How to recognise a dinosaur

Living in the past, failing  to adapt, it’s days are numbered, it can change but it’s got to really want to. 



Do you recognise this description ? A large organisation rather complacent about its relationship with customers and employees, performance wise coasting, obsessed with cost cutting,  inward looking, doesn’t feel it can learn much from other organisations because of its uniqueness, reluctant to collaborate due to past experience, made up of a number of management layers and a stifling bureaucracy which together makes it difficult to do something different and adds to a general risk aversion way of not doing things. Most likely employee satisfaction and loyalty is low.

This is a dinosaur organisation and the fact that so many people recognise it is evidence of both its continued existence and its prevalence. Just as the  dinosaurs were around for a long time before becoming extinct these organisations have been around for a long time. But a pandemic may be their equivalent of the meteorite that struck with little warning and wiped out the dinosaurs.

Unlike dinosaurs humans are very adaptable and so are their organisations if they recognise the need to change! Most often the HR literature deals with the resistance to change amongst employees but dinosaur organisations have boards which don’t recognise the need for change. If they receive a critical assessment of their organisation they typically fail to recognise it or counter with the assessors failure to take adequate account of local circumstances for example higher level of unemployment, history of poor housing stock, shorter life expectancy, diversity of community, decline of traditional industries, lack of a skilled pool of workers. They certainly don’t see the need for radical change after all one way of reading the auditors/management consultants report would be that the organisation is solid and steady, comfortably mid table, a position the board regards as satisfactory. As to employee moral well their have been some restructuring and outsourcing to cut cost and this resulted in some job losses which was predictably unpopular but things are settling down. And so the most likely out come is the chief executive to be asked to come up with an action plan in response to the report which identifies ways of better engaging with employees, review current management structure to see if their is scope for savings, and look at the feasibility of any collaboration opportunities arising in the future.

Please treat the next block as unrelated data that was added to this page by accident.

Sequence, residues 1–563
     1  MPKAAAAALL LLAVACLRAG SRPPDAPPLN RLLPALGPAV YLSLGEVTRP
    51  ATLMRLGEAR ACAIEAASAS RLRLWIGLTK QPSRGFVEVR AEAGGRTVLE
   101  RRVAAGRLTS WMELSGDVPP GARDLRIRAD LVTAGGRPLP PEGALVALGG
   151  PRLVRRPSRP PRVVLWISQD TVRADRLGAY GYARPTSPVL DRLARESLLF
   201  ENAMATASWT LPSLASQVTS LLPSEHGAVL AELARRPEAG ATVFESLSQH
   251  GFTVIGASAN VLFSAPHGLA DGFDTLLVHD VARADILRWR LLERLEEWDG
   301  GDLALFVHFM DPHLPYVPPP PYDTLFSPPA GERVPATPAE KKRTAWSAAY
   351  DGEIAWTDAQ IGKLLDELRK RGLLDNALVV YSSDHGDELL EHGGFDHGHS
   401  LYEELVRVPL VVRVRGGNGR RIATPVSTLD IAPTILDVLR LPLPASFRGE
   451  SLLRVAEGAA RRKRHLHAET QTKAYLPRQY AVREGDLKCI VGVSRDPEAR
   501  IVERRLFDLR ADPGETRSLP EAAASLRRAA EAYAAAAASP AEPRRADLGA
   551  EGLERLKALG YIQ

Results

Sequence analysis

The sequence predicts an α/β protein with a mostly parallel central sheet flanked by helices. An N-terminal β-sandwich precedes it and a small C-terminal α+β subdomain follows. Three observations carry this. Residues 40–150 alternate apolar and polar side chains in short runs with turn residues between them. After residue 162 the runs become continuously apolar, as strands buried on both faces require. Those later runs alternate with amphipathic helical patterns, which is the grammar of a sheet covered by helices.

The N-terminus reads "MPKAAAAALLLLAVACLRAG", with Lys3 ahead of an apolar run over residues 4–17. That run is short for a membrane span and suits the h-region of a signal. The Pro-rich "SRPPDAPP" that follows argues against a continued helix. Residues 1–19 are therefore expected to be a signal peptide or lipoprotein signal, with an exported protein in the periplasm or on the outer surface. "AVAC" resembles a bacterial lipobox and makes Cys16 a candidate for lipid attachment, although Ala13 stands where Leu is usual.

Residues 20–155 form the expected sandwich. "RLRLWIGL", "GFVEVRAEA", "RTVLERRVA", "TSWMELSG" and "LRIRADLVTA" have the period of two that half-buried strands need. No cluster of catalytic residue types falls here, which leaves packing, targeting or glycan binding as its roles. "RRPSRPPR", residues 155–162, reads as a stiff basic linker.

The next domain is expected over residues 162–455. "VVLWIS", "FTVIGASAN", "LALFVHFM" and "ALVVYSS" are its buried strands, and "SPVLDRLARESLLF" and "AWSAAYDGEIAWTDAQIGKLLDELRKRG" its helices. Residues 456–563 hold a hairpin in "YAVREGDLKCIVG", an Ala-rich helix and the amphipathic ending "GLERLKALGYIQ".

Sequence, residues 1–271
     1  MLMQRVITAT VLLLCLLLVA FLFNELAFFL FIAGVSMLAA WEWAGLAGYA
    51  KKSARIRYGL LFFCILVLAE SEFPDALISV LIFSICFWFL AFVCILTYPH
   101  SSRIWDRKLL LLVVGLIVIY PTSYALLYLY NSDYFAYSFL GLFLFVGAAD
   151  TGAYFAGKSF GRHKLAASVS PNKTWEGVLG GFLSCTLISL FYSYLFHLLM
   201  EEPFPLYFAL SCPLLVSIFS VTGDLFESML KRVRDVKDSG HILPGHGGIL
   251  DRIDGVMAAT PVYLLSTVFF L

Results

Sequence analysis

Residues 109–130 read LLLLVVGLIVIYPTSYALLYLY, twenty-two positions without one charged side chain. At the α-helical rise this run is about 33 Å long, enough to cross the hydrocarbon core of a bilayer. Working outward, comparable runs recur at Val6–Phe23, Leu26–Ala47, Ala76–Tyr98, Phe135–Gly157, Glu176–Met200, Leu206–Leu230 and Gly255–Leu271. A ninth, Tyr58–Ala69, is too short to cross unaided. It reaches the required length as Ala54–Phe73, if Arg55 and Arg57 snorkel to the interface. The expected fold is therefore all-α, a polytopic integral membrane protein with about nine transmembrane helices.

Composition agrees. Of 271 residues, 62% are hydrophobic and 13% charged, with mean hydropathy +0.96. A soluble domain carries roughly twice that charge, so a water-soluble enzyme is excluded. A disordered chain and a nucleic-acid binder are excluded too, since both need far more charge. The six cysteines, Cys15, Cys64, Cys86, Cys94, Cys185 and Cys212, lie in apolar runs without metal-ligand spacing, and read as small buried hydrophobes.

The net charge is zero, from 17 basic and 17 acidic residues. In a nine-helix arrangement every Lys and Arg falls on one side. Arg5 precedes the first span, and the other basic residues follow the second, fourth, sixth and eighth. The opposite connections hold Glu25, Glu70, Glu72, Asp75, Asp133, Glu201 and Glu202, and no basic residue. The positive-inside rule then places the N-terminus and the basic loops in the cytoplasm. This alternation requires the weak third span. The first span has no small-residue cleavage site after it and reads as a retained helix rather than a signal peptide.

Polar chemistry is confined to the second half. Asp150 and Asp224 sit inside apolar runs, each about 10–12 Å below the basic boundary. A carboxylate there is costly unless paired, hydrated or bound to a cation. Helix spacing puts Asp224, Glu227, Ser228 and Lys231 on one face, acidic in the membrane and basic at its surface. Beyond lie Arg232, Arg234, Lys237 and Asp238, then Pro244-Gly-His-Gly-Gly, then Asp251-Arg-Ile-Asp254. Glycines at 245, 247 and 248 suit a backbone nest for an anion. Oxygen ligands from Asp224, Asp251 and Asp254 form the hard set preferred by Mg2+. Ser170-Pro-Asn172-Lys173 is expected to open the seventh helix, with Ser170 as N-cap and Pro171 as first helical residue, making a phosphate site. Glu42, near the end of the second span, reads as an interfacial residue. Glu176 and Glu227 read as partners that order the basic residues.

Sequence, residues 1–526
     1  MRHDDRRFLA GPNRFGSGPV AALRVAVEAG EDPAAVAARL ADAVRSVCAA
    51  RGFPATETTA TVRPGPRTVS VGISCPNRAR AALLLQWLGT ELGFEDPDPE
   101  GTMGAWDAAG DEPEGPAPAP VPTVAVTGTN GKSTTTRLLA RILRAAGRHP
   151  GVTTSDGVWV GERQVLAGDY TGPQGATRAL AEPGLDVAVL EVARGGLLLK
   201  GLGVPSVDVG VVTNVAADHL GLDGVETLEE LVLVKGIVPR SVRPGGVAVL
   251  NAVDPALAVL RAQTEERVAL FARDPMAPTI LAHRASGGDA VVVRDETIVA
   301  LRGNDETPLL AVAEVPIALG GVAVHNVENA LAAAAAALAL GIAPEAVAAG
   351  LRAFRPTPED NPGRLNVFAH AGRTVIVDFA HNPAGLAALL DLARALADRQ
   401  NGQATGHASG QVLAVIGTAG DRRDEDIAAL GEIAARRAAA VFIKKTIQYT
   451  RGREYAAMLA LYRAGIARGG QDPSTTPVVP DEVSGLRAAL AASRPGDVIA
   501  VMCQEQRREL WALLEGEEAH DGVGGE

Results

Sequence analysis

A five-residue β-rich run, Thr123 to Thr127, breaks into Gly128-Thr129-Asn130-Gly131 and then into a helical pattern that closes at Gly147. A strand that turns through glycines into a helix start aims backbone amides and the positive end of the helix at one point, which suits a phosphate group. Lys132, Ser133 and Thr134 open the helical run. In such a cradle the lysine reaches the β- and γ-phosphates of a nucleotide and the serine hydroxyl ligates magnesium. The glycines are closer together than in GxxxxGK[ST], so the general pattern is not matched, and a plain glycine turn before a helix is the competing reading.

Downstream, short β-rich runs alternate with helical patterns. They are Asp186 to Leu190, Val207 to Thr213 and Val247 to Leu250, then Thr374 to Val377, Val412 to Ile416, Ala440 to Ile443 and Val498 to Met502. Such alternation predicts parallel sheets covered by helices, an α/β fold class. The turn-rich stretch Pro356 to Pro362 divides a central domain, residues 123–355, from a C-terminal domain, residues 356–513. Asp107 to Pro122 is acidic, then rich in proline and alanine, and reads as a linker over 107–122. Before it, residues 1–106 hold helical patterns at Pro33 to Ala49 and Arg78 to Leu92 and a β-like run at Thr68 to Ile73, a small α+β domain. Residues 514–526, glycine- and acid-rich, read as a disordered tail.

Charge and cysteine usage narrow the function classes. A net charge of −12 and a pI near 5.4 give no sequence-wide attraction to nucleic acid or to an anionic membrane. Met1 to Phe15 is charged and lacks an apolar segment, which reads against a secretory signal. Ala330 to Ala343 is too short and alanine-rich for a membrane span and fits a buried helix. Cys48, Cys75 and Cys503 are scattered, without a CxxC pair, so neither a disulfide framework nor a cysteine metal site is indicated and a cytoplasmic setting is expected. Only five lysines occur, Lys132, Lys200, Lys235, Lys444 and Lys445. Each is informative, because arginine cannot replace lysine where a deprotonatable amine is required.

There was nothing the dinosaurs could do to save themselves but there are things large organisations can do but first the chair of the board or chief executive is going to have to persuade the board members of the need for real change. 

Blair Mcpherson former Director, author and blogger www.blairmcpherson.co.uk
 

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